The state reached record numbers Thursday with 2,789 additional COVID-19 cases reported in the past 24 hours. There were 33 COVID-19 deaths reported statewide in the 24-hour period.

During his COVID-19 briefings, Gov. Asa Hutchinson normally names off the counties with 20 cases or more, he simply said there were 32 counties with more than 20 cases.

Through FEMA, Hutchinson requested ten beds at the Veterans Administration hospital in Little Rock. The request frees up five intensive care beds and five medical surgical beds for thirty days. The cost to the state will be about $500,000.

Hutchinson said the move was done in preparation for challenges hospitals may be seeing in the next three weeks, in anticipation of a surge of hospitalizations related to COVID-19.

A reporter asked Hutchinson if he was afraid of the predicted surge in COVID-19 deaths.

“I’m not afraid, but I’m focused on doing what we need to do as a state to get ready,” Hutchinson said.

Additionally in the Thursday briefing, Hutchinson relayed updated guidance from the Centers for Disease Control and Prevention (CDC) which shortens quarantine guidelines for asymptomatic people who test positive for COVID-19. The state will broadly be adopting those policies. Hutchinson said the shorter timeframe may encourage more people to be honest when they are contacted by contact tracers.

Quarantine can end after ten days without a COVID-19 test, if the person reports no symptoms. Quarantine can end after seven days with a negative COVID-19 test, if the person reports no symptoms.

Since the start of the pandemic, the CDC has recommended anyone exposed to someone with COVID-19 should quarantine for 14 days. This continues to be the best way to reduce the spread of the virus.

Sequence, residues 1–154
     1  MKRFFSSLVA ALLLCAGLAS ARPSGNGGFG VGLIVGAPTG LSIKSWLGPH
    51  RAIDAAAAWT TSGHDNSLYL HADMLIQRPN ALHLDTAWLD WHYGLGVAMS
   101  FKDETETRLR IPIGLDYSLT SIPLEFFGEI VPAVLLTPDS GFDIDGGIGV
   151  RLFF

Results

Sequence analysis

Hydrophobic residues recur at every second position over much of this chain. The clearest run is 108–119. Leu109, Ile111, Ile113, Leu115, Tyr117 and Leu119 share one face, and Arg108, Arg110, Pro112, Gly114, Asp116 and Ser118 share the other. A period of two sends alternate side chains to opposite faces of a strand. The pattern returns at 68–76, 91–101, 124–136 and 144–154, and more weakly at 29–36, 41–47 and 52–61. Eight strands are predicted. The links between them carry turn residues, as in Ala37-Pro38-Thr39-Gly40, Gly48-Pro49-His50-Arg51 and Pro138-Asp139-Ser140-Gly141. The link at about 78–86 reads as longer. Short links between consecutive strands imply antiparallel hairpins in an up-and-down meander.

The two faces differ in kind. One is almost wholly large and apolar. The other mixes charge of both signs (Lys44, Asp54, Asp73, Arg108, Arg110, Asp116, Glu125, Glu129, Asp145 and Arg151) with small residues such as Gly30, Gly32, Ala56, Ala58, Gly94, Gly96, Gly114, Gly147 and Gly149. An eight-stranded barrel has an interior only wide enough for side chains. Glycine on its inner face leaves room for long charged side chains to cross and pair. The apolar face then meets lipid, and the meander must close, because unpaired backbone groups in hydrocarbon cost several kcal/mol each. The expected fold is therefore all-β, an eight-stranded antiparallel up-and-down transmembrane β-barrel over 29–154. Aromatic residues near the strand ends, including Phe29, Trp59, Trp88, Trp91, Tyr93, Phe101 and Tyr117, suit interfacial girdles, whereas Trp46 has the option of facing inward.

Per the Arkansas Center for Health Improvement, the U.S. Department of Health and Human Services (HHS), defines “quarantine“ as separating and restricting “the movement of people who were exposed to a disease to see if they become sick. These people may have been exposed to a disease and do not know it, or they may have the disease and not show symptoms.”

“Isolation“ is defined as separating “sick people with a contagious disease from people who are not sick.” In the context of COVID-19 containment, the term “self-isolation” is typically used to describe an action that individuals who are confirmed positive, awaiting test results, or exhibiting COVID-19 symptoms should take to mitigate spreading infection.

Independence County, per the Arkansas Department of Health, now has 92 active confirmed cases of COVID-19, with 102 active probable cases of COVID-19. There have been 1,610 cases so far in the county with 1,457 recoveries, and 61 confirmed COVID-19 deaths, and 10 probable deaths linked to the virus.

ACHI’s COVID-19 tracking data for Wednesday, Dec. 2, showed Independence County is following the national and regional trend of increasing numbers of COVID-19 cases with a significant increase in the past two weeks. Currently the infection rate per 1,000 people in the county is 5.13, but this number is expected to rise.

The North Central region, of which Independence County is a part, has dropped to 5.73 infections per 1,000, lower than last week’s 6.31 score.

Arkansas has 138,597 active COVID-19 cases, 124,495 recovered COVID-19 cases, and 2,312 deaths linked to the virus. Updates may be found at healthy.arkansas.gov, ACHI.net/covid19 and the independent arkansascovid.com web sites.

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